The main finding of our meta-analysis is that the so-called respiratory fluoroquinolones did not prove superior to β-lactams for the treatment of acute bacterial sinusitis in terms of the primary effectiveness outcome (clinical success [clinical cure or improvement]) or the primary safety outcome (total adverse events). However, in some of the secondary analyses, treatment outcomes were better among patients who received a respiratory fluoroquinolone than among those given a β-lactam antibiotic, specifically in the comparison of clinically evaluable populations (patients fulfilling the criteria for clinical evaluation), in the sensitivity analysis limited to blinded randomized controlled trials, and in terms of bacteriologic success (eradication or presumed eradication of the pathogens isolated before treatment). Yet patients who received a respiratory fluoroquinolone did not have greater clinical success than those given amoxicillin–clavulanate, nor did they have fewer relapses than patients given a β-lactam antibiotic. Furthermore, in the sensitivity analysis limited to blinded randomized controlled trials, the fluoroquinolone group had more total adverse events than the β-lactam group. Still, among all the relevant studies included in our meta-analysis, treatment with fluoroquinolones resulted in fewer severe adverse events.
The aforementioned associations did not change substantially when we included randomized controlled trials comparing any fluoroquinolone with a β-lactam antibiotic in the analysis. However, ciprofloxacin and sparfloxacin, the fluoroquinolones used in these additional studies, are not regarded as being as potent against S. pneumoniae
, in microbiologic terms, as the newer fluoroquinolones,32
and they are not currently recommended for the treatment of acute bacterial sinusitis.7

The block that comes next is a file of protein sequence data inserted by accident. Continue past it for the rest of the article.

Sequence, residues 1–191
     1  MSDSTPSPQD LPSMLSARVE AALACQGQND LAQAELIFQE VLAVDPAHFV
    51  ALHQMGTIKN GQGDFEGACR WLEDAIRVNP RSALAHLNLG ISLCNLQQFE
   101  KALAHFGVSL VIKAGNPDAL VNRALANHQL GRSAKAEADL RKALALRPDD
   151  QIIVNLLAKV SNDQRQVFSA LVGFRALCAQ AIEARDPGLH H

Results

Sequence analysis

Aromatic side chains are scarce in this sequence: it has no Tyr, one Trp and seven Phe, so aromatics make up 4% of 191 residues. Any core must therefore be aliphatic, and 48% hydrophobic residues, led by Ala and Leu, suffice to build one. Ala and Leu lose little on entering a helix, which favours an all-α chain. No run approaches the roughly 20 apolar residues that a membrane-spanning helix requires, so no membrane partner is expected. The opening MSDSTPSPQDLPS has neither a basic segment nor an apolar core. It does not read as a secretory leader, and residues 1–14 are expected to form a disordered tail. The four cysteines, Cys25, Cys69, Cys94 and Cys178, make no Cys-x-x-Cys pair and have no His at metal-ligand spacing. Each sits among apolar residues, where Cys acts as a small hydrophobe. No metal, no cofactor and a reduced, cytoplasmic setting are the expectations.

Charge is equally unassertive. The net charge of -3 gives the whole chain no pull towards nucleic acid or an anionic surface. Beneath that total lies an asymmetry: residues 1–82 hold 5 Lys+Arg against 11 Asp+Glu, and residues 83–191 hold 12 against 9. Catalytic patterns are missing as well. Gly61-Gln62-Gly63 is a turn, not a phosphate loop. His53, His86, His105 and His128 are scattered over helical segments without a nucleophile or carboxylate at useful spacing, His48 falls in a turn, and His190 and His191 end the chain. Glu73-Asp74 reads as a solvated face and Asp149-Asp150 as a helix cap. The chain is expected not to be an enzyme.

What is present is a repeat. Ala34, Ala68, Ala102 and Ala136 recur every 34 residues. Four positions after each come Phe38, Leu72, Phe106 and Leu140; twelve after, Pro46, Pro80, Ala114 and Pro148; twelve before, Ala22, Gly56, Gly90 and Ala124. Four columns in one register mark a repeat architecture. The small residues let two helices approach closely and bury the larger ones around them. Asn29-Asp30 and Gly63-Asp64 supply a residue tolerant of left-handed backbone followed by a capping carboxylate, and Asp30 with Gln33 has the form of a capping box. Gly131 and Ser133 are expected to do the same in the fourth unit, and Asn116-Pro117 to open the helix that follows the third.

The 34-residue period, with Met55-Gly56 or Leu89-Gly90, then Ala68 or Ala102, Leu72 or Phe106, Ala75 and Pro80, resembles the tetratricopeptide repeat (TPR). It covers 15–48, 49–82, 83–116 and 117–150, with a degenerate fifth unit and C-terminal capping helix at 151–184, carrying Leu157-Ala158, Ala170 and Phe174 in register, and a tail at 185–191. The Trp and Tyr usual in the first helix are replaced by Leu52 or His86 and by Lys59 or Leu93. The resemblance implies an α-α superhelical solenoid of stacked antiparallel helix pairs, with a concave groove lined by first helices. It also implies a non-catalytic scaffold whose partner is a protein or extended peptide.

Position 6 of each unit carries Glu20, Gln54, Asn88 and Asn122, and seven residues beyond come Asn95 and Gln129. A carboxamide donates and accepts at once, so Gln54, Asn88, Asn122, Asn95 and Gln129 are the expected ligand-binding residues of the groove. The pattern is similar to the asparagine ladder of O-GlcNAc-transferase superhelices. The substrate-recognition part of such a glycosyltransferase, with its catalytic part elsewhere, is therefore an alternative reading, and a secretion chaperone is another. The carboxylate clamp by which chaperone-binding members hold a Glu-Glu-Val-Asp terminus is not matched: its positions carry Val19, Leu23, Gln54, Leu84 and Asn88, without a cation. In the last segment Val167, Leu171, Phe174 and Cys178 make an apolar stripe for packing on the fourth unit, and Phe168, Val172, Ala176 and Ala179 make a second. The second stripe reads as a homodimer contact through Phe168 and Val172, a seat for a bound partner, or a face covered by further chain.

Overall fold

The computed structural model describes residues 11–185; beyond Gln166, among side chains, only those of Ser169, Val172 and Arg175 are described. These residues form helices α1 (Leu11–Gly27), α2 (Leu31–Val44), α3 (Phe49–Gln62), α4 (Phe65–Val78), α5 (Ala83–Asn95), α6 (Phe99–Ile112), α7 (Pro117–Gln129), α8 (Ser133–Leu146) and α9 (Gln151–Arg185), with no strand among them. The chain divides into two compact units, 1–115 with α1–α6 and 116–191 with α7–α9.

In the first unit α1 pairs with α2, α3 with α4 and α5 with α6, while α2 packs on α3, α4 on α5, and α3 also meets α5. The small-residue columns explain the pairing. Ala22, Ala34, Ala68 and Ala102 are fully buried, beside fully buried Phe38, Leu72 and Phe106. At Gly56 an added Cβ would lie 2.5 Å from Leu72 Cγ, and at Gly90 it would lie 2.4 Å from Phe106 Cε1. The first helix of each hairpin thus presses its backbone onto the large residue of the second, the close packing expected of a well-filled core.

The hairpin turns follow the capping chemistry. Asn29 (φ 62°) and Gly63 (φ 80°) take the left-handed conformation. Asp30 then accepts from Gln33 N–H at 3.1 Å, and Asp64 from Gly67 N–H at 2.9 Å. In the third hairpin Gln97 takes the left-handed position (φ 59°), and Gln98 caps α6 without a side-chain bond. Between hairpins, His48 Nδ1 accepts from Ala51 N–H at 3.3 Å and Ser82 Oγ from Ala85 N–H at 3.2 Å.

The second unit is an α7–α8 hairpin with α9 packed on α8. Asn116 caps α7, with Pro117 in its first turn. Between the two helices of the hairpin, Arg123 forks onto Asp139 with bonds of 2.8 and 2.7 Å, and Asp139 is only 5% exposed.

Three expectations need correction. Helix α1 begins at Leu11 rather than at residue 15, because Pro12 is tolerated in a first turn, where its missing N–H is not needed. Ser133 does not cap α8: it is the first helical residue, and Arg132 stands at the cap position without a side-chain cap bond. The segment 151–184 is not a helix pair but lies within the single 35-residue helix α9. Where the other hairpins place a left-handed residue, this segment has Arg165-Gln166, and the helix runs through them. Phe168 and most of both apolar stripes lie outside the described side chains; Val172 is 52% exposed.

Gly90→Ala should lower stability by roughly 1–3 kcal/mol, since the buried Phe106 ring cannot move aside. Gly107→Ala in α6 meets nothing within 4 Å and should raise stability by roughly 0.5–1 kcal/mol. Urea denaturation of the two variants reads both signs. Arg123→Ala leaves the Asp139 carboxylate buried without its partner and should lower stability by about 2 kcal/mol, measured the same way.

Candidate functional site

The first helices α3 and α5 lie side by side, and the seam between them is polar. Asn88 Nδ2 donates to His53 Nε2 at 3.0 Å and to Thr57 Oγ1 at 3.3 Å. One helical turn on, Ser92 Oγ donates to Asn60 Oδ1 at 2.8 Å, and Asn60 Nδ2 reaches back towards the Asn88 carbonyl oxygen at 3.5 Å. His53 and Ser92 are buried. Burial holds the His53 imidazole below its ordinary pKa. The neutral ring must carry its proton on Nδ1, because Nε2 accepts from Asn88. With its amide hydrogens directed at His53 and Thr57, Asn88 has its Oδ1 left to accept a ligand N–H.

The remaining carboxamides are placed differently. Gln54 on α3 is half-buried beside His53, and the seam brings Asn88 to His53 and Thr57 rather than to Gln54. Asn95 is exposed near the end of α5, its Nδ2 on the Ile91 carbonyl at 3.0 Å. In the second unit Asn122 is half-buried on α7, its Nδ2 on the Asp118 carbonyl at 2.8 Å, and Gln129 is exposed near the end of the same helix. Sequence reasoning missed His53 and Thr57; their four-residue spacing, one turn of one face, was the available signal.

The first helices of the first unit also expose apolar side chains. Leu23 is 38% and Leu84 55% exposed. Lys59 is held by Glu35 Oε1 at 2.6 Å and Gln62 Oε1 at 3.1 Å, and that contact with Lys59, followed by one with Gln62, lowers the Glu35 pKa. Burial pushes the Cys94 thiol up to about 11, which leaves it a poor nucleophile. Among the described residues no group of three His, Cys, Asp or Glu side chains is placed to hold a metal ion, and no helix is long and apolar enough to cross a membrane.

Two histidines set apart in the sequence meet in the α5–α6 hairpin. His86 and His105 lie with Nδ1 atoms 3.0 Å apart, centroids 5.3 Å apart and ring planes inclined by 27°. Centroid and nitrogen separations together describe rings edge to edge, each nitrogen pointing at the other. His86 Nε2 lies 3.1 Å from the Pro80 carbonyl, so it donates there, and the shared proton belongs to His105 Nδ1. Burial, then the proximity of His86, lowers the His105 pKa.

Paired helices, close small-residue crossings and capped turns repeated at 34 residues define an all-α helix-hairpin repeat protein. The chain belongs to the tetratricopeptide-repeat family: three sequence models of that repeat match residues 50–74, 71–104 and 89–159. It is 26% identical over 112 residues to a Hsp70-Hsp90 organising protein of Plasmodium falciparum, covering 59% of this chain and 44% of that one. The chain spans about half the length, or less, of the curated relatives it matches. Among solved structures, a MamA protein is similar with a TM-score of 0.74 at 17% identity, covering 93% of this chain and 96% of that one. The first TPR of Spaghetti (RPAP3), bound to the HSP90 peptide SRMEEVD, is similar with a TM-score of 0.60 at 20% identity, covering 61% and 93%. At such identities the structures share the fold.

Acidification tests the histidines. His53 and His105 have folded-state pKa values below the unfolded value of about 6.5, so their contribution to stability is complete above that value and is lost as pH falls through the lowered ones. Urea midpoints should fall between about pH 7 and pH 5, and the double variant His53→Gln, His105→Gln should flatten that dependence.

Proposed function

Nonetheless, both were approved by the US Food and Drug Administration for this indication, although sparfloxacin was withdrawn from the US market in 2001. Despite their inferior bacteriologic activity, our inclusion of ciprofloxacin and sparfloxacin in this meta-analysis may be meaningful, given that these 2 agents share certain pharmacokinetic properties with the newer respiratory fluoroquinolones, specifically with regard to drug penetration into the sinus mucosa.33–35
In addition, from a safety standpoint, most of the adverse events observed with fluoroquinolones are thought to be related to a class effect rather than an agent-specific effect.36
In the remainder of this discussion, we focus on the respiratory fluoroquinolones, although many of the issues addressed may also be relevant to the comparison of all fluoroquinolones with β-lactam antibiotics.
Although fluoroquinolones were comparable to β-lactam antibiotics in terms of the effectiveness outcomes of this meta-analysis when the intention-to-treat population was examined, analysis of the clinically evaluable population showed a marginal advantage in favour of fluoroquinolone treatment. This apparent disparity can be explained by the fact that the intention-to-treat analysis generally provides a more conservative estimate of treatment effect. Moreover, data for the outcome of clinical success in the intention-to-treat population were available for only 5 of the 11 included randomized controlled trials. However, the value of the intention-to-treat analysis is that it respects the random assignment of patients to study treatments and precludes bias in the selection of patients for evaluation, which is particularly important in nonblinded trials. In addition, the nature of the intention-to-treat analysis relates more closely to therapeutic decision-making in clinical practice.
In addition to the overall rate of resolution of symptoms in cases of acute bacterial sinusitis, the rapidity of symptom resolution is also important, because this condition adversely affects quality of life3
and is associated with substantial loss of productivity and associated sick leave expenditures in the workplace.37